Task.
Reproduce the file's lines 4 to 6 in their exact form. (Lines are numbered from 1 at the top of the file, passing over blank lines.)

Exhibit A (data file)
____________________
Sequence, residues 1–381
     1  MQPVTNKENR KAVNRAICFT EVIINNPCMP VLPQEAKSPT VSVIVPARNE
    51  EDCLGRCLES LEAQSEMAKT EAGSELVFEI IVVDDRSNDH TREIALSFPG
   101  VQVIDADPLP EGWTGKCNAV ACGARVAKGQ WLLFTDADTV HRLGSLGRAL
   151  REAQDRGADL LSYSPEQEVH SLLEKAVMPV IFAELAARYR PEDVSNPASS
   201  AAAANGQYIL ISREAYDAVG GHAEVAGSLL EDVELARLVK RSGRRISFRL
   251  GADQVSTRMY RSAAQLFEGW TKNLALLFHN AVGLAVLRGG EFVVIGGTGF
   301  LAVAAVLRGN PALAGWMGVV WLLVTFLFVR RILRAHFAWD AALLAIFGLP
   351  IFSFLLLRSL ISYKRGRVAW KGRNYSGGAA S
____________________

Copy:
   101  VQVIDADPLP EGWTGKCNAV ACGARVAKGQ WLLFTDADTV HRLGSLGRAL
   151  REAQDRGADL LSYSPEQEVH SLLEKAVMPV IFAELAARYR PEDVSNPASS
   201  AAAANGQYIL ISREAYDAVG GHAEVAGSLL EDVELARLVK RSGRRISFRL